In 2004, Kon released the 13-episode television series Paranoia Agent, in which Kon revisits the theme of the blending of imagination and reality, as well as working in additional social themes.[22] The series was created from an abundance of unused ideas for stories and arrangements that Kon felt were good but did not fit into any of his projects.[23]

In 2006, Paprika was announced, after having been planned out and materializing for several years. The story centers on a new form of psychotherapy that utilizes dream analysis to treat mental patients. The film was highly successful and earned a number of film awards. Kon summed up the film with "Kihonteki na story igai wa subete kaeta" (基本的なストーリー以外は全て変えた)[24]—roughly, "Everything but the fundamental story was changed." Much like Kon's previous works, the film focuses on the synergy of dreams and reality.[9]

After Paprika, Kon teamed up with Mamoru Oshii and Makoto Shinkai to create the 2007 NHK television production Ani*Kuri15, for which Kon created the short Ohayō.[25] That same year, Kon helped establish and served as a member of the Japan Animation Creators Association (JAniCA).[26]

Final months and death

Following Ohayō, Kon began work on his next film, Dreaming Machine. In May 2010, Kon was diagnosed with terminal pancreatic cancer. Given half a year to live, Kon chose to spend the remainder of his life in his home. Shortly before his death Kon composed a final message, which was uploaded to his blog by his family upon his death. As Kon explained in the message, he chose not to make news of his rapidly advancing illness public, in part out of embarrassment at how drastically emaciated and ravaged his body had become. The result was that the announcement of his death was met with widespread shock and surprise, particularly given that Kon had shown no signs of illness at relatively recent public events, as the cancer progressed to a terminal state in a matter of months after being diagnosed.[27] Kon died on August 24, 2010 at the age of 46.[28][29] After his death, Kon was mentioned among the Fond Farewells in TIME's people of the year 2010. Darren Aronofsky wrote a eulogy to him, which was printed in Satoshi Kon's Animation Works (今敏アニメ全仕事), a Japanese retrospective book of his animation career.[30][31]

As of 2013, the completion of Dreaming Machine remains uncertain due to funding difficulties, with only 600 of the 1500 shots being animated. At Otakon 2012, Madhouse founder Masao Maruyama stated: "Unfortunately, we still don't have enough money. My personal goal is to get it within five years after his passing. I'm still working hard towards that goal."[32]


When asked about his interest in female characters, Kon stated that female characters were easier to write because he is not able to know the character in the same way as a male character, and "can project my obsession onto the characters and expand the aspects I want to describe."[33] With a frame of reference up to Tokyo Godfathers, Susan J. Napier notes that while the theme of performance is the one obvious commonality in his works, she finds that the concept of the male gaze is the more important topic for discussion. Napier shows the evolution of Kon's use of the gaze from its restrictive and negative aspects in Magnetic Rose and Perfect Blue, to a collaborative gaze in Millennium Actress before arriving at a new type of gaze in Tokyo Godfathers which revels in uncertainty and illusion.[33]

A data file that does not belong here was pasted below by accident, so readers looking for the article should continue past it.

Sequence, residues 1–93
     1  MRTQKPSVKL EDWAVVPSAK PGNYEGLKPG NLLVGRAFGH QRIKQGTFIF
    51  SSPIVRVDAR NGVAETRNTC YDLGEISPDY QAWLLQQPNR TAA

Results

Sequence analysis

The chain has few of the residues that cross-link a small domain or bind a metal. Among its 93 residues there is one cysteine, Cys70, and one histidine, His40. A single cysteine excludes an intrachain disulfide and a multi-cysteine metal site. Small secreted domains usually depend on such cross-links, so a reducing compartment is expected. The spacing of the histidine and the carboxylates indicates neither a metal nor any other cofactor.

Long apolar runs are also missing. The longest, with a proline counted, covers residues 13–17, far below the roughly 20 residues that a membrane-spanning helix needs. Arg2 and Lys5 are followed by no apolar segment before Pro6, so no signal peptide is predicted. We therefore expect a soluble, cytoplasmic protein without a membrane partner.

Dean DeBlois said, "Satoshi Kon used the hand-drawn medium to explore social stigmas and the human psyche, casting a light on our complexities in ways that might have failed in live action. Much of it was gritty, intense, and at times, even nightmarish. Kon didn't shy away from mature subject matter or live-action sensibilities in his work, and his films will always occupy a fascinating middle ground between 'cartoons' and the world as we know it." [34]


Satoshi Kon's most prominent influences were the works of Slaughterhouse-Five (1972), The City of Lost Children (1995) and the works of Terry Gilliam (particularly Time Bandits (1981), Brazil (1985) and The Adventures of Baron Munchausen (1989)).[5][8][15] In addition to Gilliam, he also blogged about watching Monty Python.[36] He was fond of the works of Akira Kurosawa, and worked in a reference to him in Paprika.[18] However he claimed to be largely unfamiliar with Japanese film in general.[19][37]




  • Toriko (虜) - 1984 manga debut, a doujinshi work, won the 2nd place Tetsuya Chiba Award for "Superior Newcomer".[13]:14 Published in English in the collection Dream Fossil (Vertical Comics, 2015). It is not related to the Mitsutoshi Shimabukuro manga Toriko.[39]
  • Tropic of the Sea (海帰線) Released in 1990, published in Young Magazine by Kodansha.[13]:15 Translated into English in 2013 by Vertical Comics.
  • Akira. Assistant artist.[13]:15
  • World Apartment Horror (ワールド・アパートメントホラー) (1991) adapted from the film of the same name directed by Katsuhiro Otomo from a Keiko Nobumoto screenplay. After the main feature the volume collects three much shorter manga original to Kon: Visitors, Waira and Joyful Bell, which last prefigures Tokyo Godfathers.
  • Seraphim (セラフィム 2億6661万3336の翼). A now-obscure and unfinished collaboration with Mamoru Oshii that first ran in the May 1994 issue to the November 1995 issue of Animage.[13]:17[40] Partially reprinted posthumously in a memorial supplement of Monthly Comic Ryū in 2010 and published in comic book form by Tokuma Shoten in December that same year. Published in English by Dark Horse Comics in 2015.[41][42][43]